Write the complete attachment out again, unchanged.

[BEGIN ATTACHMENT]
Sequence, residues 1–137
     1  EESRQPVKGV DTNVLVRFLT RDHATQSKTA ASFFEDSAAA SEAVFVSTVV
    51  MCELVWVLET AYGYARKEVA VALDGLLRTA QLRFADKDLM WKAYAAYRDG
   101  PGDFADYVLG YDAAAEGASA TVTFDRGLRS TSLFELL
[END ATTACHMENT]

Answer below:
Sequence, residues 1–137
     1  EESRQPVKGV DTNVLVRFLT RDHATQSKTA ASFFEDSAAA SEAVFVSTVV
    51  MCELVWVLET AYGYARKEVA VALDGLLRTA QLRFADKDLM WKAYAAYRDG
   101  PGDFADYVLG YDAAAEGASA TVTFDRGLRS TSLFELL